As an expressive arts educator/facilitator, I’ve collected a wide assortment of art supplies and tools over the years – from paper, paints, and canvas, to musical instruments, found objects, colourful fabrics, beads, yarns, and more. Almost everything and anything can become part of an expressive art piece or installation!
Though I have a large variety of art materials to choose from, it’s taken a few years of playful exploration to discover the things I just can’t do without – a journal, lots of images, scissors and glue. My own creative practice includes making my own books, playing with paper, collage and art journaling.
Perhaps you’re drawn to paints, sketching, clay, sculpture, textiles, photography…there are so many creative outlets available! Many of these have their own unique supplies and ways in which to artistically express yourself. Approach them with curiosity and explore what feels right for you.
Journals come in many sizes and varieties, specific to what you’re using them for. I prefer 6x9, 7x10, no larger than 8x10 in size. Smaller than that is limiting, too big can feel like a lot of space to fill. Personally, I like to make and bind my own journals/books.
There are endless paper choices, each specific to what you're using them for. For art journaling, you'll want paper that will withstand whatever you put on it (water, paint, glue, etc) without falling apart. Look for 98 lb. Mixed Media paper.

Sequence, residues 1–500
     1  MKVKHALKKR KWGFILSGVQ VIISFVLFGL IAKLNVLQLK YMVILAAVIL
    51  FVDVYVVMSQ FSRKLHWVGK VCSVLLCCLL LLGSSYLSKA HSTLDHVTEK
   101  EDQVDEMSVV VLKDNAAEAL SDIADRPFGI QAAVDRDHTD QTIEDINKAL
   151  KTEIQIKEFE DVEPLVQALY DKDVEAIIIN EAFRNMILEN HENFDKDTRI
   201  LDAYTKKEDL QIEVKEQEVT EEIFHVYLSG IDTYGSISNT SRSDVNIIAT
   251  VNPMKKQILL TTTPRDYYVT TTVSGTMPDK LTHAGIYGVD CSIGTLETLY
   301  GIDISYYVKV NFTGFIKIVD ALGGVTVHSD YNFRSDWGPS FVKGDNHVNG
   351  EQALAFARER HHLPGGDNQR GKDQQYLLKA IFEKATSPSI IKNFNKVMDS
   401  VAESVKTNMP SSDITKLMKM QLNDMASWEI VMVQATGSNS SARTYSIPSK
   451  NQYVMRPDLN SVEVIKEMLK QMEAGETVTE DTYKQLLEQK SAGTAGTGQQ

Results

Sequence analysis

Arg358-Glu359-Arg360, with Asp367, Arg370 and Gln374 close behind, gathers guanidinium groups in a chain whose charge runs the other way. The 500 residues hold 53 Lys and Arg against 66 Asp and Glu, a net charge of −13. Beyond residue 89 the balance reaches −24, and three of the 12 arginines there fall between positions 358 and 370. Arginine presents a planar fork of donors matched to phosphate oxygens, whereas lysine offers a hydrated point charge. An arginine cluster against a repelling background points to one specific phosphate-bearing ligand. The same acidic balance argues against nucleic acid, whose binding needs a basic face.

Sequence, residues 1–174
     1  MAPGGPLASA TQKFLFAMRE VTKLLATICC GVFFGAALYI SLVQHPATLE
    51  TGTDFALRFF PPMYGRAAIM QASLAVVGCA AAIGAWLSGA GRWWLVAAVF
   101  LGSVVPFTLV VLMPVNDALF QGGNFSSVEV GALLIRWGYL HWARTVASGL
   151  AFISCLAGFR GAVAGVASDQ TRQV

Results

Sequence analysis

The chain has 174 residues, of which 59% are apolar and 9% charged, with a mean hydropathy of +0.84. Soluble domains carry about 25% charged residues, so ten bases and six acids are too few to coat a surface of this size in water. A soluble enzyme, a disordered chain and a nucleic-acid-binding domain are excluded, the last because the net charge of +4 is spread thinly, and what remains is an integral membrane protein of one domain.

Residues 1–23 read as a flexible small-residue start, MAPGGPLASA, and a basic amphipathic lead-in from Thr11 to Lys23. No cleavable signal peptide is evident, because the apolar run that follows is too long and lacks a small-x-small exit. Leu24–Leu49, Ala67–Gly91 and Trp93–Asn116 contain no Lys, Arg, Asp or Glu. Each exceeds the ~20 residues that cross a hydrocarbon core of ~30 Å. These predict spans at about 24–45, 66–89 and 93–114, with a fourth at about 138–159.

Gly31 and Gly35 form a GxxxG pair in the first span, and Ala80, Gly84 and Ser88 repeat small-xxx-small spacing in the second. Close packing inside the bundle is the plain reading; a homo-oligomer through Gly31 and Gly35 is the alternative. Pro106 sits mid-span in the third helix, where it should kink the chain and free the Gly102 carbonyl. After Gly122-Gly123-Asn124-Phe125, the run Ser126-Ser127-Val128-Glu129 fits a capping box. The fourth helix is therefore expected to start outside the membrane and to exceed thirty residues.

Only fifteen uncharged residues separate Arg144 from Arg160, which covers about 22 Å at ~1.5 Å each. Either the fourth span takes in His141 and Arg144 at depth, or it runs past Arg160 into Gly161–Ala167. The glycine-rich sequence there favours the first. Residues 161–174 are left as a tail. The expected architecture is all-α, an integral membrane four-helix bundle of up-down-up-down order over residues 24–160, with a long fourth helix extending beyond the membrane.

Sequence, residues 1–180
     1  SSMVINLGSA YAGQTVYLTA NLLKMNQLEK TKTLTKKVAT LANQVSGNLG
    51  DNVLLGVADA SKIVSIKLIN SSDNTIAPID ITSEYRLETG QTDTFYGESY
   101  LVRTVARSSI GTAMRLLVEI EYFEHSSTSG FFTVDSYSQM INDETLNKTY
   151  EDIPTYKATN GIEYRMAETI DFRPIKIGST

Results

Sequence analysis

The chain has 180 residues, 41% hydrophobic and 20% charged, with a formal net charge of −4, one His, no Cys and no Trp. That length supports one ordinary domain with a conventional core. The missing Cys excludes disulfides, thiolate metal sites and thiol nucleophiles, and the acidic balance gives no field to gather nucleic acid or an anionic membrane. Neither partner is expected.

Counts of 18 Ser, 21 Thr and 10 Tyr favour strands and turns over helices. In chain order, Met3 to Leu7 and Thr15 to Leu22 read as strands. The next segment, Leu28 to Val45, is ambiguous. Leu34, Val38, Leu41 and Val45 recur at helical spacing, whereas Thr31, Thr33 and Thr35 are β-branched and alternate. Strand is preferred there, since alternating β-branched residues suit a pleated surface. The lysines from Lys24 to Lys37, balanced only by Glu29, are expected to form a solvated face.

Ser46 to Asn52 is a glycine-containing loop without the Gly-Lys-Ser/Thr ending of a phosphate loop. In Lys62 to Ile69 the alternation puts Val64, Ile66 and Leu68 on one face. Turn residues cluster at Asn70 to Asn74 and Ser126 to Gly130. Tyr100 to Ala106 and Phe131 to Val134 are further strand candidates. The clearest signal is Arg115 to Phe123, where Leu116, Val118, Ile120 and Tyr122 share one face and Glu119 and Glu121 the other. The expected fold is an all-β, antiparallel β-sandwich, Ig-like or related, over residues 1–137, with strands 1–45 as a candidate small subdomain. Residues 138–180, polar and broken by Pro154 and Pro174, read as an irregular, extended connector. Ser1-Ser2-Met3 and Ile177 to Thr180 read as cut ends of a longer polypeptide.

Journal bindings range from spiral, glued, or sewn. Each have their pros and cons, again, depending on their purpose. Spiral journals are flexible; pages are often perforated and can be removed, but sometimes the spirals get in my way.
I love making my own books (in fact I'm
somewhat addicted ;). The binding can be simple or ornate, again, depending on what the book or journal will be used for. DIY Bonus - you form a relationship with your book/journal when you make it from start to finish - it truly becomes your creative companion!
Start collecting images and words to include in your journal and art. These can come from many sources – old books & magazines, music and dictionary pages, and so on. Particularly watch for those that you’re drawn to, as well as those that repulse you. You can organize and store your words & images in clear bags or an accordian file folder.
Add additional art supplies as your interest, curiosity and budget allows. Stencils, stamp pads, pan pastels, etc…the list goes on!
Play and experiment – see what you like and remember, there are no rules!
The art supplies I’ve listed are ones I use most often in my journals and art making. Unless indicated, I don’t favour one brand over another. There’s something available for every budget. Experiment to find what you prefer.
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